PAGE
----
– Allows some measure of how well our ranking is
• Click on top 3 hits
• Various click/relevance models
Testing Relevance
• Online Evaluation and A/B testing
– can only test two different algorithms at a time
– risky if doing live testing
– good for fine tuning but not for parameter sweep
• Offline testing (Test collection)
– Set of queries, Set of documents, Set of relevance
– Re-usable
– Can test many algorithms with many parameter
variations in batch mode
Test Collection
• Queries
– Need sufficient number of representative queries
• 50 -100 is probably the minimum.
– Queries must address range of use cases/user needs
• Collection of Documents
– Need representative collection that is small enough to
work with, but large enough to infer that results will
apply to entire 10 million document collection
Test Collection
Relevance Judgments
• Collecting Relevance judgments is labor
– TREC hires 8-10 retired intelligence analysts to do
the judging
– Sanderson (2010) estimated 75 person days for a
typical 50 topic TREC track. (This is for short
– Kazai reports significantly more effort required for
relevance judgments of books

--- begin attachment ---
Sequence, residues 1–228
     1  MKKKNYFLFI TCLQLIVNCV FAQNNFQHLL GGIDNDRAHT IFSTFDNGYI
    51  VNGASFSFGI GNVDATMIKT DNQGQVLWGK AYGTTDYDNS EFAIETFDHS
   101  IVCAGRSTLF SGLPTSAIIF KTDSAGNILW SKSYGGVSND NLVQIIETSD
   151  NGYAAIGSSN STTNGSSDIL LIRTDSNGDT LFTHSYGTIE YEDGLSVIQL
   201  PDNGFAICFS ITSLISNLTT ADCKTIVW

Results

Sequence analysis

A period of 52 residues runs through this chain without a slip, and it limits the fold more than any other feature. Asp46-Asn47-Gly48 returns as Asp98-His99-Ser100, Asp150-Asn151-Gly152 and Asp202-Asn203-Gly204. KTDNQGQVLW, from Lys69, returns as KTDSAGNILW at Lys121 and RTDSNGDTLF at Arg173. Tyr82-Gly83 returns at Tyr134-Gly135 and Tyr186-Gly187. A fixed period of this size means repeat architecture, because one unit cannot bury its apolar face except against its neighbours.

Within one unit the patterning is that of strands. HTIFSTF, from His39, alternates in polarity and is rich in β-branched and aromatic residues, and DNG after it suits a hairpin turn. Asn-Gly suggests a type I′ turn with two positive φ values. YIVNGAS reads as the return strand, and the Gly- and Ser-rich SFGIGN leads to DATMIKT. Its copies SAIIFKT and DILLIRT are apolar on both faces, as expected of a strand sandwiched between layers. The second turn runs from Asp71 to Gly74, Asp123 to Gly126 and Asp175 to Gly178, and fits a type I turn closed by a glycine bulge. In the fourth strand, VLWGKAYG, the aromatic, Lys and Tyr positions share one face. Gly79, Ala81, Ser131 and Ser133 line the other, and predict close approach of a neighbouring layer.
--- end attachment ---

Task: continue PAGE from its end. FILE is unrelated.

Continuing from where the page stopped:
– Google and Bing hire many workers to make
Test Collection volunteers needed
• If you are interested in helping to organize
gathering relevance judgments from librarians
and users, please contact me
[email protected]
Thank You !
Tom Burton-West
[email protected]
• Doron Cohen, Einat Amitay and David Carmel. “Lucene and Juru at TREC
2007”: 1-Million Queries Track, TREC 2007,
• Kazem Taghva, Julie Borsack, and Allen Condit. 1996. Evaluation of modelbased retrieval effectiveness with OCR text. ACM Trans. Inf. Syst. 14, 1
(January 1996), 64-93. DOI=10.1145/214174.214180
• M. Montemurro and D. H. Zanette, The statistics of meaning: Darwin,
Gibbon and Moby Dick, Significance, Dec. 2009, 165-169
• Bates, Marcia J. "What Is A Reference Book: A Theoretical and Empirical
Analysis." RQ 26 (Fall 1986): 37-57.
• INEX book track :
• Grant Ingersoll on Relevance testing:
Solr/Lucene’s default ranking algorithm
New ranking algorithms in Solr/Lucene 4.x
Solr field collapsing
Length Normalization
Amit Singhal, Chris Buckley, and Mandar Mitra. 1996. Pivoted document length normalization. In
Proceedings of the 19th annual international ACM SIGIR conference on Research and development in
information retrieval (SIGIR '96). ACM, New York, NY, USA, 21-29. DOI=10.1145/243199.243206
Abdur Chowdhury, M. Catherine McCabe, David Grossman, and Ophir Frieder. 2002. Document